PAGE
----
Investigators at the Los Angeles Biomedical Research Institute at Harbor-UCLA Medical Center (LA BioMed) have found evidence that continues to implicate insulin-like growth factor receptor (IGF-1R) in the development of Graves' disease.
In previous research published in the Journal of Immunology, Terry J. Smith, M.D. and Raymond Douglas, M.D., Ph.D. have identified the interaction between immunoglobulins and IGF-1R as a cause of inflammation and lymphocyte infiltration in both Graves' disease and rheumatoid arthritis. The discovery of these mechanisms in a similar class of autoimmune diseases supports the belief that a single biological mechanism is activating a variety of autoimmune diseases. The identification of such a mechanism may lead to a common therapeutic strategy for these conditions.
According to Dr. Smith, "We continue to build a body of evidence that suggests that a single biological mechanism can activate a variety of autoimmune diseases. It is possible that these findings will allow us for the first time to interrupt the disease process before any lasting damage is done. It could be involved in other autoimmune disorders as well; we're thinking about a large number of diseases."
In the article appearing in the March 1, 2007 issue of the Journal of Immunology, Dr. Smith and his colleagues report that a disproportionately large fraction of peripheral blood T cells express IGF-1R in patients with Graves' disease. The results support a potential role for IGF-1R as a determinant of immune responses through fibroblast and lymphocyte activation and expansion. This further implicates IGF-1R in the pathogenesis of patients with Graves' disease.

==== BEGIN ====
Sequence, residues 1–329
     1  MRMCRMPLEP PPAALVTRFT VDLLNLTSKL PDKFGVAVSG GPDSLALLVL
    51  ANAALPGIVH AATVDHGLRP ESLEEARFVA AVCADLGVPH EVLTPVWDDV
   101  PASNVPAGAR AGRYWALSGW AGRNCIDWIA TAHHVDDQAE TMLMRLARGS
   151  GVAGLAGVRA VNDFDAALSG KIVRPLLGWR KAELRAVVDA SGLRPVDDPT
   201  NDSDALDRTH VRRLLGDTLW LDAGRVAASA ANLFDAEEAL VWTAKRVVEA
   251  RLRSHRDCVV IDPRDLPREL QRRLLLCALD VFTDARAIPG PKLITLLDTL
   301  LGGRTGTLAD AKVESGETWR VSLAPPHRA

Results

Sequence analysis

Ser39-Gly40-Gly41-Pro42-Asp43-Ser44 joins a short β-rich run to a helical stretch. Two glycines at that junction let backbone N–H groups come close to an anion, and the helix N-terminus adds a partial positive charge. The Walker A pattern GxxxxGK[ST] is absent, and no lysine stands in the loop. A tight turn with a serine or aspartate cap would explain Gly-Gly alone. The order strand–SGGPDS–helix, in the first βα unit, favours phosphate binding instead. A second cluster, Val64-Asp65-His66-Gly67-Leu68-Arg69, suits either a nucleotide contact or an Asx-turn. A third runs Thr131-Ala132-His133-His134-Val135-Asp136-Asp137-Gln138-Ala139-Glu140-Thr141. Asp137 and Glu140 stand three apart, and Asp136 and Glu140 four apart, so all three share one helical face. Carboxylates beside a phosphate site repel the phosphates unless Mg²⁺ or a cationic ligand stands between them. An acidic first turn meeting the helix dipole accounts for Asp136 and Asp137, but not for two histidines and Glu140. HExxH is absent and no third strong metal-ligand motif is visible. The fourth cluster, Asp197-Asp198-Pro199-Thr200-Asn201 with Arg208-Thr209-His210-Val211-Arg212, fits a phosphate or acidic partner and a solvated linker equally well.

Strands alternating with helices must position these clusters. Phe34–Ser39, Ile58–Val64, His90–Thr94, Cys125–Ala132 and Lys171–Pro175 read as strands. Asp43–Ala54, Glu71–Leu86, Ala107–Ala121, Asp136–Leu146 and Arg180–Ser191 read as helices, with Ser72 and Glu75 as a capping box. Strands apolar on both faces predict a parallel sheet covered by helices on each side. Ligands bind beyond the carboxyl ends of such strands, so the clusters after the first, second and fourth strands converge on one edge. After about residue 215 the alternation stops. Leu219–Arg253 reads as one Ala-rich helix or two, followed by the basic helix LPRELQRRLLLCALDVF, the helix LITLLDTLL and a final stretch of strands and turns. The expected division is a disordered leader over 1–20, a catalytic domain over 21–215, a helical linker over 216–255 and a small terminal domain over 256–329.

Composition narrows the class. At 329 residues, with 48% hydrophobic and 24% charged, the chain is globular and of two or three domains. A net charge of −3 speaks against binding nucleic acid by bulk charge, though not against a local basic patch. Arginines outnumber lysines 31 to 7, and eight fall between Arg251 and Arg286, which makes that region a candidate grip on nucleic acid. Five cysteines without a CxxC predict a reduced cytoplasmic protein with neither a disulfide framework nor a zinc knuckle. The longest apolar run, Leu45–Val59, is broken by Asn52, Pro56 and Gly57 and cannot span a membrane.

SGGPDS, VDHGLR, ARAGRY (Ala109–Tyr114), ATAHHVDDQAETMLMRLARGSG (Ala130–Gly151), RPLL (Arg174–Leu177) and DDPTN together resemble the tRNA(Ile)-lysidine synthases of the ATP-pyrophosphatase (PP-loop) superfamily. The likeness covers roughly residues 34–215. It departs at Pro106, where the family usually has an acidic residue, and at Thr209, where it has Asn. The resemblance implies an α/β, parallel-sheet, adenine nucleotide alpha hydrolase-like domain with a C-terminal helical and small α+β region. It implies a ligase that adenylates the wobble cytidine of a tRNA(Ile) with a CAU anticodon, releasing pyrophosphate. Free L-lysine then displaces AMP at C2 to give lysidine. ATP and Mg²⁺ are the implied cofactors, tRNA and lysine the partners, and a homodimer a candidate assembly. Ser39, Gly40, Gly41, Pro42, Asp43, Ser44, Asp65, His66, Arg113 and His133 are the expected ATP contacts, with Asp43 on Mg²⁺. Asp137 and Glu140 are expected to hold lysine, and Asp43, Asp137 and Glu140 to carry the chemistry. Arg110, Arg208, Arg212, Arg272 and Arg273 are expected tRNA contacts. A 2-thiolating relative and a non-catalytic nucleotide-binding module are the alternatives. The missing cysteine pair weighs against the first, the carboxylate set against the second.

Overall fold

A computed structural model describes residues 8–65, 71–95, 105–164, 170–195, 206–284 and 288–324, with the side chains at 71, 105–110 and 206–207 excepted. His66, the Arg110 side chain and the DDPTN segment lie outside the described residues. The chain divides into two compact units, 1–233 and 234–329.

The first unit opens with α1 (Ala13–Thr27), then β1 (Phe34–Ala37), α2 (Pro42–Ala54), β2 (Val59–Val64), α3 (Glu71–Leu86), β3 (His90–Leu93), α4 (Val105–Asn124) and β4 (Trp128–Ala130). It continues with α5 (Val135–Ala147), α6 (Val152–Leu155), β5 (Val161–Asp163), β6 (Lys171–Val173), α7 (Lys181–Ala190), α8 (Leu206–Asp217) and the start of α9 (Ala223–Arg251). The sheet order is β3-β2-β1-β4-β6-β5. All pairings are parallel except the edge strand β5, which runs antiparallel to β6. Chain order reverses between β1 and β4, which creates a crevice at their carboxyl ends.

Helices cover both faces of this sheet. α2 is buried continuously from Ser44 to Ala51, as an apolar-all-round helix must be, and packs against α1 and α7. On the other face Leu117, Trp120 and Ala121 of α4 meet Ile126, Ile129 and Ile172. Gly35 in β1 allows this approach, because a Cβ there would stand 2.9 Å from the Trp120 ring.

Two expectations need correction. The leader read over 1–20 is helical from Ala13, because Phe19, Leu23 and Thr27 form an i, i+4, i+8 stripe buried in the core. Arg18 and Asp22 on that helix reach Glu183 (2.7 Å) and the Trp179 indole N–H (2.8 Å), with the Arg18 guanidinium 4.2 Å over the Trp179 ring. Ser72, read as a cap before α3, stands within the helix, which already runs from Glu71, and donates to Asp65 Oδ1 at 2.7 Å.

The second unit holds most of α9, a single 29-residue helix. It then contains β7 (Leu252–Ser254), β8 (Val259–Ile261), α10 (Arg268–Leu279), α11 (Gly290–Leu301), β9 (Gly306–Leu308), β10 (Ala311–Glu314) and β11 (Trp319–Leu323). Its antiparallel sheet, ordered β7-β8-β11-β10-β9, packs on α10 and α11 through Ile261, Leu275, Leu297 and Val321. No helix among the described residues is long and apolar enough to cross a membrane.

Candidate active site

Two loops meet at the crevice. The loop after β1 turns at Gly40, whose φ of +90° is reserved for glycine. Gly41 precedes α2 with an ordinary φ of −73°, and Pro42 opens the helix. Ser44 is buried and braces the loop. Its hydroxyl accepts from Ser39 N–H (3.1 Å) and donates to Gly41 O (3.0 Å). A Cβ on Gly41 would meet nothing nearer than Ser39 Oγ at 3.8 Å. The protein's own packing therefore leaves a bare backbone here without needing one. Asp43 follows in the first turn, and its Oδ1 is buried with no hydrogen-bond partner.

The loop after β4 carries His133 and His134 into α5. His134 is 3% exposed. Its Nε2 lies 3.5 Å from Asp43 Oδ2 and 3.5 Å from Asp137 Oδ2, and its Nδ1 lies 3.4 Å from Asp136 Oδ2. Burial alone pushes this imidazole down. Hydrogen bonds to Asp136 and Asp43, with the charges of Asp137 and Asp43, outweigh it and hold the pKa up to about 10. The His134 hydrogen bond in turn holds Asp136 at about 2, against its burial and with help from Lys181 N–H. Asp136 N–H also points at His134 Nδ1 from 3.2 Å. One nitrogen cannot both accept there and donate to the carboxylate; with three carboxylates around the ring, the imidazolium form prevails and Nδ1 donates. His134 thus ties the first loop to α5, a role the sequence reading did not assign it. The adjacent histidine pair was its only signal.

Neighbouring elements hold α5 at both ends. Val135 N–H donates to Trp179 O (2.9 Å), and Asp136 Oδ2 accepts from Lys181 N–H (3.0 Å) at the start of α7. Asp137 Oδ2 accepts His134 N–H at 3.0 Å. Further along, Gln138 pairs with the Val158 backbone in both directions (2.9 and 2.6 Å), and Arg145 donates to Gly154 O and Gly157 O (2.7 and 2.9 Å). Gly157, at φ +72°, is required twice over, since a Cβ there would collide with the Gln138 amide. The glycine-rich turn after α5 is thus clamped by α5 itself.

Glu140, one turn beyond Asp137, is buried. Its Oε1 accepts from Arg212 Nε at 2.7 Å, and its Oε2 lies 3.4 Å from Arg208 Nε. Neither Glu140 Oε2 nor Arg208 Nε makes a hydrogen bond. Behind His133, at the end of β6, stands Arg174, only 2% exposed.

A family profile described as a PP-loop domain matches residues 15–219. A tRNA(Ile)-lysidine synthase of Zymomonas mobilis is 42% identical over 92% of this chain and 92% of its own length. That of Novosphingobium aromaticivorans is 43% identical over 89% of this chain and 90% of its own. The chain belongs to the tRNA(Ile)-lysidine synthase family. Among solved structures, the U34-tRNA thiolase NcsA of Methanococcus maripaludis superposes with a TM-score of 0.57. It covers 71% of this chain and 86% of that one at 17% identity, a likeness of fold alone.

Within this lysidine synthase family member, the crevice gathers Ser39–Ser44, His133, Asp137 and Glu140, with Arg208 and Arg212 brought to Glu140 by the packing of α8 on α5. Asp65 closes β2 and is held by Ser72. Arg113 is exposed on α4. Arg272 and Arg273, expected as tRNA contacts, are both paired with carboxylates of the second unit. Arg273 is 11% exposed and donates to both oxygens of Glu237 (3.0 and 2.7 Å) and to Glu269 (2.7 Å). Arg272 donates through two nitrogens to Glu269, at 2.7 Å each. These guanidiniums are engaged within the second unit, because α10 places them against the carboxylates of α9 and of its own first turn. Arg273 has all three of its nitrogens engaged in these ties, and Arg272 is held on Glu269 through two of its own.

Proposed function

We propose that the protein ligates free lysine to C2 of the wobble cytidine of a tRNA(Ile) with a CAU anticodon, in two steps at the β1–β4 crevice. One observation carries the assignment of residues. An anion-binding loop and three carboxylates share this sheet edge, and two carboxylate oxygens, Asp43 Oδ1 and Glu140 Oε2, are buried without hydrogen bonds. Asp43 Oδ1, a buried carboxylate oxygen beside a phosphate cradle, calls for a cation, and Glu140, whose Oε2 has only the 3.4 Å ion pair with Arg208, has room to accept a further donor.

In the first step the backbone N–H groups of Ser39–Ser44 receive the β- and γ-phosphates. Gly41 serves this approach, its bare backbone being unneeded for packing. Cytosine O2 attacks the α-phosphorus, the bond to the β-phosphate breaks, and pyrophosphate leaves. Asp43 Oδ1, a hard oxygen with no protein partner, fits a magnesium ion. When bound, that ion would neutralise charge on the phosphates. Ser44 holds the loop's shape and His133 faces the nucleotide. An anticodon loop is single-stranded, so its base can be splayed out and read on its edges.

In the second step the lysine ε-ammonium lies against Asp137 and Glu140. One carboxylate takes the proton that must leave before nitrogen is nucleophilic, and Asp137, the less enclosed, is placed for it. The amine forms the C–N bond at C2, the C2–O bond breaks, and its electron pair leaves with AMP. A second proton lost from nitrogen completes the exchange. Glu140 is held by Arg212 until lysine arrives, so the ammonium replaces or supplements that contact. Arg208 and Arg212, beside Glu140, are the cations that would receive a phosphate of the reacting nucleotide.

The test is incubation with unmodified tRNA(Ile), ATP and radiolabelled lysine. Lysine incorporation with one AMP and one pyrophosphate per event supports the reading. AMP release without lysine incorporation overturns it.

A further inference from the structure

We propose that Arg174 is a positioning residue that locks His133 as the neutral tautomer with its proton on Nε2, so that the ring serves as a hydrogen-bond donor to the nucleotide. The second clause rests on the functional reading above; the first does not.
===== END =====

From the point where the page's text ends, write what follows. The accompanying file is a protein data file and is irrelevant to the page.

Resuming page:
Graves' disease, the most common cause of hyperthyroidism, can lead to severe swelling around the eye sockets. It is part of a class of autoimmune disorders in which cellular defense mechanisms mistakenly identify the body's own tissues as foreign and seek to destroy them. Other autoimmune disorders in the same class include rheumatoid arthritis, multiple sclerosis, and lupus. 37,000 new patients per year are diagnosed with Graves' disease in the United States.
"Autoimmune diseases are among the most insidious and debilitating of human ailments," said LA BioMed President and CEO Kenneth P. Trevett, J.D. "We are working closely with Dr. Smith and his colleagues to facilitate this work and promote its transfer to the patient bedside."
The Los Angeles Biomedical Research Institute at Harbor-UCLA Medical Center (LA BioMed) is one of the largest independent, not-for-profit biomedical research institutes in Los Angeles County. Affiliated with both the David Geffen School of Medicine at UCLA and the Harbor-UCLA Medical Center, the Institute has an annual budget of over $75 million and currently supports more than 1,000 research studies in areas such as cardiology, emerging infections, cancer, women's health, reproductive health, vaccine research, respiratory physiology, dermatology, neonatology, molecular biology, and genetics.
The above post is reprinted from materials provided by Los Angeles Biomedical Research Institute at Harbor-UCLA Medical Center (LA BioMed). Note: Materials may be edited for content and length.
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